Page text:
- Where you have a permanent home
- If you have a permanent home in both places, where you have closer personal and economic relationships, known as a center of vital interests
- If your center of vital interests cannot be determined, where you habitually live
- If you habitually live in both countries, where you are a citizen
- If you are a citizen of both or neither countries, where the United States and Canada mutually agree that you are a resident
If you are employed by a state, local, or federal government, you are generally considered to be a resident of the country where that government is located.
Locating Your Fixed Place of Business
If you are an independent contractor or business owner, you may have one or more business locations.
Working through or with U.S. companies does not establish the U.S. as your fixed place of business. Instead, your fixed place of business is a permanent establishment where your business is wholly or partly carried on, such as a:
- Place of management
- Office or branch
- Factory or workshop
- Extraction location for natural resources, such as a mine, oil or gas well, or quarry
- Building or construction site (only if it lasts more than 12 months)
- Drilling rig or ship (only if it is used more than three months in a 12 month period)
If you have two offices, one in Canada and one in the United States, you have two fixed places of business. You must treat each office differently for income tax purposes.
The location of your fixed places of business impacts where you are considered a resident and where you must pay taxes. If your fixed place of business is in Canada, you are treated as a Canadian contractor doing business with U.S. companies.
Where to Get a Form W-8BEN
You can get a copy of Form W-8BEN on the IRS website or request one from the company or person with whom you're doing business. Once you have a copy, simply fill it out and return it to them. Do not send it to the IRS.
How to Fill Out and Read Form W-8BEN
Form W-8BEN is relatively straightforward to fill out. You'll need to be prepared with the following information:
- Line 1: Provide your name or your business name.
- Line 2: Provide your country of citizenship.
- Line 3: Enter your permanent residence address.
- Line 5: Enter your U.S. tax identification number.
- Line 6: Enter your foreign tax identifying number.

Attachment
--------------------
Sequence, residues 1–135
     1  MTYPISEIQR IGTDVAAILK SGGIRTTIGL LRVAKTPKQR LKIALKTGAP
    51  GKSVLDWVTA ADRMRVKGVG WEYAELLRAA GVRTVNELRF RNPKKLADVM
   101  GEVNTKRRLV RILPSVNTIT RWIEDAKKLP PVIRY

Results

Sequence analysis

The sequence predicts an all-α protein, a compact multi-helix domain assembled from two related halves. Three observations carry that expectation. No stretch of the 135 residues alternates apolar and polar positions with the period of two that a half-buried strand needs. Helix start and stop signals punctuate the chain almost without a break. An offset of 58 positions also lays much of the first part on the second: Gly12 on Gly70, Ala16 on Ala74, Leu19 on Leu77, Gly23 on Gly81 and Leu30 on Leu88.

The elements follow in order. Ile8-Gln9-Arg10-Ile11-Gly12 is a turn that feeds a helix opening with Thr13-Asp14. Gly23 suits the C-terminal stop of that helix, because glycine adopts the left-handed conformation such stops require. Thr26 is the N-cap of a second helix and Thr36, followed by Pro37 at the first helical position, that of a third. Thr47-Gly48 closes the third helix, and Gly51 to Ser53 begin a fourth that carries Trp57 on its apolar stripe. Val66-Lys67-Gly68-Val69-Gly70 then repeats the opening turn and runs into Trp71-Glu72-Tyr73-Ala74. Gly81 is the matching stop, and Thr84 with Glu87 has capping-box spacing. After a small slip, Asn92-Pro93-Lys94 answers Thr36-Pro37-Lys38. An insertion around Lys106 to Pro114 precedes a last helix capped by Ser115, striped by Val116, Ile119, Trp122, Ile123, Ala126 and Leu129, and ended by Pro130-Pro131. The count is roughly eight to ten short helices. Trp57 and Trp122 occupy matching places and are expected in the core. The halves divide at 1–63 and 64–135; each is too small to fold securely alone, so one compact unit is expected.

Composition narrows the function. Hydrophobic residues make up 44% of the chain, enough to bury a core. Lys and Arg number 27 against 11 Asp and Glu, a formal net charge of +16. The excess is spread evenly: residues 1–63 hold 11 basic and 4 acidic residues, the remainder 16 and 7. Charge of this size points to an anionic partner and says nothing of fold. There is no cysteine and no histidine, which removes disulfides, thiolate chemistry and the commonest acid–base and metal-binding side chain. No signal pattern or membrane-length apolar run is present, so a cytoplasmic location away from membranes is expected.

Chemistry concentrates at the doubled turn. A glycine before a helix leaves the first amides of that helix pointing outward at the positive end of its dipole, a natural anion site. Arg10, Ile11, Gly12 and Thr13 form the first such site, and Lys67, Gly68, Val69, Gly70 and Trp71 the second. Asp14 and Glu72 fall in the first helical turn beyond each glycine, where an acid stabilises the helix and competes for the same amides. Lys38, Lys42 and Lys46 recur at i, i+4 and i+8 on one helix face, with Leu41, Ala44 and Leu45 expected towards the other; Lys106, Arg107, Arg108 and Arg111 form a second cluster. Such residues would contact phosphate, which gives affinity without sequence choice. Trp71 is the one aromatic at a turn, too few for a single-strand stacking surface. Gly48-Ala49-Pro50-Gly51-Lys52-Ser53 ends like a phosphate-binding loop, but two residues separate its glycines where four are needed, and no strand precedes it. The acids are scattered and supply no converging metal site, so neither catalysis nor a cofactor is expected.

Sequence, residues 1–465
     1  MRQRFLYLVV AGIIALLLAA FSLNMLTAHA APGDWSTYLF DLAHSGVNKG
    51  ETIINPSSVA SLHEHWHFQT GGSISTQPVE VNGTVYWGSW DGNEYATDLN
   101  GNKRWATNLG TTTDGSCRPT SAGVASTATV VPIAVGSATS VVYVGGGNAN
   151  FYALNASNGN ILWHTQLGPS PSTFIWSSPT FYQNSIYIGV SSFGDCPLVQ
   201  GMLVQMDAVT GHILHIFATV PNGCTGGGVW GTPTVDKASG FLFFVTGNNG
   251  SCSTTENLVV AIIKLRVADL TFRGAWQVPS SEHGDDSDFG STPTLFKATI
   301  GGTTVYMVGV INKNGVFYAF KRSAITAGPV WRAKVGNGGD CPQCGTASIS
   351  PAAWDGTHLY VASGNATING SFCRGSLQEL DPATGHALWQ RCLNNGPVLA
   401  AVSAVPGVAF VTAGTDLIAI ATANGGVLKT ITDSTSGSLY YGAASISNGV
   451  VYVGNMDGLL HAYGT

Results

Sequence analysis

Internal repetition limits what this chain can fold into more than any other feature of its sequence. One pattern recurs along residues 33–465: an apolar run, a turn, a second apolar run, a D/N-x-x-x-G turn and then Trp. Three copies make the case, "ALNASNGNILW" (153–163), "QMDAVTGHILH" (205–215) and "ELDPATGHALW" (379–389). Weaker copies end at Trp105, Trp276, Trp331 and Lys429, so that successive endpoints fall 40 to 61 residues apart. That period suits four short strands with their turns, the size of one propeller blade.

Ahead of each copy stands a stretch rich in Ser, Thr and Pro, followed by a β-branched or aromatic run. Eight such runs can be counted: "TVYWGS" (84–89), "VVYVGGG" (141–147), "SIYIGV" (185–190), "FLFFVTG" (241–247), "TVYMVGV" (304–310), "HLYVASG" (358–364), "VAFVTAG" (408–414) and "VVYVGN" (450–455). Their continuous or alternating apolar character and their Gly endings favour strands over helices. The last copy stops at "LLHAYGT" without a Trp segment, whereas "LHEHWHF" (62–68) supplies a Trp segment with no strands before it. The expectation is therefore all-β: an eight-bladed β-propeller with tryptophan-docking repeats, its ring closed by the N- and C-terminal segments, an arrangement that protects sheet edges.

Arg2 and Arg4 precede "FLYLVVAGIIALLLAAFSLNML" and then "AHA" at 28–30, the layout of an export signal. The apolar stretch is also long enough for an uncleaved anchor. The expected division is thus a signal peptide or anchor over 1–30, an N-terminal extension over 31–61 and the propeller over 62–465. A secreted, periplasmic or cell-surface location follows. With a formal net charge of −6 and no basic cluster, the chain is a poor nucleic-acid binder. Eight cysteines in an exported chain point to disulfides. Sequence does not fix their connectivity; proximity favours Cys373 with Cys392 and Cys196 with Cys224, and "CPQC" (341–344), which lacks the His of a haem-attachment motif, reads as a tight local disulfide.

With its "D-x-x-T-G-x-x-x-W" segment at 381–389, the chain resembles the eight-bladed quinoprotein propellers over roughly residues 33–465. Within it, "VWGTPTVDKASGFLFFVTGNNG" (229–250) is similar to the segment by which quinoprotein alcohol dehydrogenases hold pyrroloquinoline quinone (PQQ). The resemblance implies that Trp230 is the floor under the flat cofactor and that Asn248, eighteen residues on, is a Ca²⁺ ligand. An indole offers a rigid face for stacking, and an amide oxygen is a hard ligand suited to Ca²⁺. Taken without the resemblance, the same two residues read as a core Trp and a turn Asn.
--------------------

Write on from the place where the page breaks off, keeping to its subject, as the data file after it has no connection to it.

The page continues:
- Line 7: Provide your Canadian Social Insurance number or your Canadian corporate tax identification number.
- Lines 9 and 10: Specify the tax treaty rules that apply to you and check the appropriate box if you are operating under a business name.
Claiming a Refund of Your U.S. Income Tax Withholding
Should your U.S. clients withhold some of your income, you can get this money back by filing a nonresident U.S. income tax return, Form 1040-NR, along with Form 8833 to disclose your position under the U.S.-Canada Tax Treaty.
For any tax forms that you must fill out to conduct business, whether to work for a U.S. company or to reclaim U.S. tax withholding, consult a tax accountant who is experienced in nonresident tax returns.
- Form W-8BEN is a tax form that U.S. nonresidents must fill out when they earn income from U.S. sources in order to determine their required tax withholdings.
- Canadian independent contractors earning income from U.S. sources must fill out the form, but they can use it to claim exemption from withholdings due to income tax agreements between the U.S. and Canada.
- Submitting Form W-8BEN will prevent Canadian contractors from being taxed twice—once from the Canadian government and once from the U.S. government.
The information contained in this article is not tax or legal advice and is not a substitute for such advice. State and federal laws change frequently, and the information in this article may not reflect your own state’s laws or the most recent changes to the law. For current tax or legal advice, please consult with an accountant or an attorney.